4A.1 Drought Information Supported by Citizen Scientists (DISCS)

Tuesday, 9 January 2018: 8:30 AM
Room 17A (ACC) (Austin, Texas)
Andrew L. Molthan, NASA Langley Research Center, Hampton, VA; and M. Maskey, C. Hain, P. Meyer, U. Nair, C. Handyside, K. D. White, and M. Amin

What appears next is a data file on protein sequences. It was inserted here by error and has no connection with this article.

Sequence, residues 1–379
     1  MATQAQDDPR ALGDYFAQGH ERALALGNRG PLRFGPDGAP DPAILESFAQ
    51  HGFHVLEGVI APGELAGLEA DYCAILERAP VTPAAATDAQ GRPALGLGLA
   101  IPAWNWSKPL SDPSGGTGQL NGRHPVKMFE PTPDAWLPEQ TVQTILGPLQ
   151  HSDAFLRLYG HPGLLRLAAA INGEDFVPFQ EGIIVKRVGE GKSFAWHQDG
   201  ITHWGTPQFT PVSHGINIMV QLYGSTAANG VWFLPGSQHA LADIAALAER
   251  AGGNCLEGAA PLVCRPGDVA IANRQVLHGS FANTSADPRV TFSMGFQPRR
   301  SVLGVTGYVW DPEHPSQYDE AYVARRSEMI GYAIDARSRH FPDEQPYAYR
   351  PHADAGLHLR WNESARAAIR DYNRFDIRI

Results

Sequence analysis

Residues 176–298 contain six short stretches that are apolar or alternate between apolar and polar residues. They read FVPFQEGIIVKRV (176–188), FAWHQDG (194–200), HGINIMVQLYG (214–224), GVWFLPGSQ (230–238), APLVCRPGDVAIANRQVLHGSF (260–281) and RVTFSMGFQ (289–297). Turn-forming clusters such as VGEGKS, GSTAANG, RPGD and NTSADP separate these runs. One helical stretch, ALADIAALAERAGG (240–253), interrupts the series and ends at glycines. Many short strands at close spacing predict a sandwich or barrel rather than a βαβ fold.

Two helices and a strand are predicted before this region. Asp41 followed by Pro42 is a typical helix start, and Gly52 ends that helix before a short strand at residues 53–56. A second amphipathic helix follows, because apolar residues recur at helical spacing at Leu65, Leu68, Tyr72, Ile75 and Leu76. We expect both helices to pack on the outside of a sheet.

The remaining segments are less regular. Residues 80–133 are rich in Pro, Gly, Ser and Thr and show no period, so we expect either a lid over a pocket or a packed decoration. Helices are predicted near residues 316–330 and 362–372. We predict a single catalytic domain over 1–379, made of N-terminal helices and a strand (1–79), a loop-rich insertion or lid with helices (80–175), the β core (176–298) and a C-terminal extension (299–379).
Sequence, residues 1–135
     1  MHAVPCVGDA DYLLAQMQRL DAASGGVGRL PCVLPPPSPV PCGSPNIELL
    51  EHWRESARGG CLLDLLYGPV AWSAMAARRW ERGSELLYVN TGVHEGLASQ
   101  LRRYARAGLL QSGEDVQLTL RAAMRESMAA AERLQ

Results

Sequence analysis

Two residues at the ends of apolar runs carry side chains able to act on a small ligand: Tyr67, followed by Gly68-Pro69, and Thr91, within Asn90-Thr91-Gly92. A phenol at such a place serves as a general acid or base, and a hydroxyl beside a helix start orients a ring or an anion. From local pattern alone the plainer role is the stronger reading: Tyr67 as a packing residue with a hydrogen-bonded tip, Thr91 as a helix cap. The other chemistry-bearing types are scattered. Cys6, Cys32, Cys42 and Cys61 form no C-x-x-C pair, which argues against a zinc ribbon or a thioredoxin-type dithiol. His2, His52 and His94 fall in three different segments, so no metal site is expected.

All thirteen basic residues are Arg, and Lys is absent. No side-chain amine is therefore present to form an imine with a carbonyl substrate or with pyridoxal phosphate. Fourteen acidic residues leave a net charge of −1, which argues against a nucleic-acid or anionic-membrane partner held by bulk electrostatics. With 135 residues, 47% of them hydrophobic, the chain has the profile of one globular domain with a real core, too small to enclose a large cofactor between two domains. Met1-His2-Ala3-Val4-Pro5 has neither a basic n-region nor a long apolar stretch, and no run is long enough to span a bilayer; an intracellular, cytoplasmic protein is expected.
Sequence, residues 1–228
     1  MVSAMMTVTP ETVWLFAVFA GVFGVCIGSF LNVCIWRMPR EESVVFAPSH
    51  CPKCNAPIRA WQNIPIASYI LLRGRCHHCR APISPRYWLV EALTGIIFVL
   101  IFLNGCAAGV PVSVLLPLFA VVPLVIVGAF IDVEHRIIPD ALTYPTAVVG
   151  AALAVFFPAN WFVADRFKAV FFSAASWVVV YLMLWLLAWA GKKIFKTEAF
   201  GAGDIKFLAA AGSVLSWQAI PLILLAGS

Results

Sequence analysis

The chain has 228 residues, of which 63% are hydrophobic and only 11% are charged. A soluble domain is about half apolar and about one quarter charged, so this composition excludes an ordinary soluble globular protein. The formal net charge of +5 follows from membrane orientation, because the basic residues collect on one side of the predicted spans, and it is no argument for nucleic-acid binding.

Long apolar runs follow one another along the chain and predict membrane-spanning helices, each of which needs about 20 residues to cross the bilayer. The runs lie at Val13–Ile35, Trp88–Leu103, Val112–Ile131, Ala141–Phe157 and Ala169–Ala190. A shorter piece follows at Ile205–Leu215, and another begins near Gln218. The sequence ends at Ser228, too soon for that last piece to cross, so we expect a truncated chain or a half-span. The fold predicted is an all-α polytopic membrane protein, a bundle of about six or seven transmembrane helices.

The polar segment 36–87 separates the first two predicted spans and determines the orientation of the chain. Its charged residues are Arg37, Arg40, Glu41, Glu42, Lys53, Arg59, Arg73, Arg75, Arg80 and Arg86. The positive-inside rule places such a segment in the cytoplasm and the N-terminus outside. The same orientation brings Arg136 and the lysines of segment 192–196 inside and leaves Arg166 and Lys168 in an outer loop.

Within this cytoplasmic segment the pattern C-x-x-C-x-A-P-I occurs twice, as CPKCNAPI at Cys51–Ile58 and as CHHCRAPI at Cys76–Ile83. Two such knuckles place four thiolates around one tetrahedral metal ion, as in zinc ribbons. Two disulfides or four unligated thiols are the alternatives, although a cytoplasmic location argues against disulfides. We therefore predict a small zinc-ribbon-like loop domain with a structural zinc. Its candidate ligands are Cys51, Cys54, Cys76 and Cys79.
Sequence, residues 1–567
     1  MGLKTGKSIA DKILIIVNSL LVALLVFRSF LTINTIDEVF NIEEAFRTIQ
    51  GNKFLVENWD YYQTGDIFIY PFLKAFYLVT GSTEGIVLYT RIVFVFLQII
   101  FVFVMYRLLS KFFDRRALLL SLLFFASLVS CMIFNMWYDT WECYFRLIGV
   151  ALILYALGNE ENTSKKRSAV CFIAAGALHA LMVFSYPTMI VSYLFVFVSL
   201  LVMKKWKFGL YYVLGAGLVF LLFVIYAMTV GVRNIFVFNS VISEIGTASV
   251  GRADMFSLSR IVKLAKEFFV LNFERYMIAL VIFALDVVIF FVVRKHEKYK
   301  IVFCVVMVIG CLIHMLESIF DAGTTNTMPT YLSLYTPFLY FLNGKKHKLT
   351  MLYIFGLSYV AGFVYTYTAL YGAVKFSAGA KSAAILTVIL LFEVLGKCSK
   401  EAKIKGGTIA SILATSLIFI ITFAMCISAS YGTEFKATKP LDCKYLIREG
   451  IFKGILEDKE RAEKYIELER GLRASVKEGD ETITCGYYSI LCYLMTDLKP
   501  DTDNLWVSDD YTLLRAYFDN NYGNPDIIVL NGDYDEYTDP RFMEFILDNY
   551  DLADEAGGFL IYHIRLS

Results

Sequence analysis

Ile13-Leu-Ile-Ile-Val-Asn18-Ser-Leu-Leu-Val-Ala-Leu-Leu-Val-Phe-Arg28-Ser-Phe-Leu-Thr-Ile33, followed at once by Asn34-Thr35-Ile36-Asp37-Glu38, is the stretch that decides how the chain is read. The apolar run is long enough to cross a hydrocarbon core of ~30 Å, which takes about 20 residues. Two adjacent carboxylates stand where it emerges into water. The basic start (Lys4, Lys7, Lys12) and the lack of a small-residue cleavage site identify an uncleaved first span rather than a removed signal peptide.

Each year, drought impacts various regions of the United States on time scales of weeks, months, seasons, or years, affecting agricultural production and driving irrigation requirements, which in turn leads to a need to document these impacts and inform key decisions on land management, use of water resources, and disaster response. Mapping impacts allows decision-makers to understand potential damage to agriculture and loss of production, to communicate and document drought impacts on crop yields, and to inform water management decisions. Current efforts to collect this information includes parsing of media reports, collaborations with local extension offices, and partnerships with the National Weather Service cooperative observer network. As part of a NASA Citizen Science for Earth Systems proposal award, a research and applications team from Marshall Space Flight Center, the University of Alabama in Huntsville, and collaborators within the National Weather Service have developed a prototype smartphone application focused on the collection of citizen science observations of crop health and drought impacts, along with development of innovative low-cost soil moisture sensors to supplement subjective assessments of local soil moisture conditions. Observations provided by citizen scientists include crop type and health, phase of growth, soil moisture conditions, irrigation status, along with an optional photo and comment to provide visual confirmation and other details. In exchange for their participation, users of the app also have access to unique land surface modeling data sets produced at Marshall Space Flight Center such as the NASA Land Information System soil moisture and climatology/percentile products from the Short-term Prediction Research and Transition (SPoRT) Center, assessments of vegetation health and stress from NASA and NOAA remote sensing platforms (e.g. MODIS/VIIRS), outputs from a crop stress model developed at the University of Alabama in Huntsville, recent rainfall estimates from the NOAA/NWS network of ground-based weather radars, and other observations made by their fellow citizen scientists. This presentation will highlight development of the application, data collected to date, feedback from participants, and opportunities to use the collected information in support of addressing science questions such as verification and validation of modeling and remote sensing data sets.
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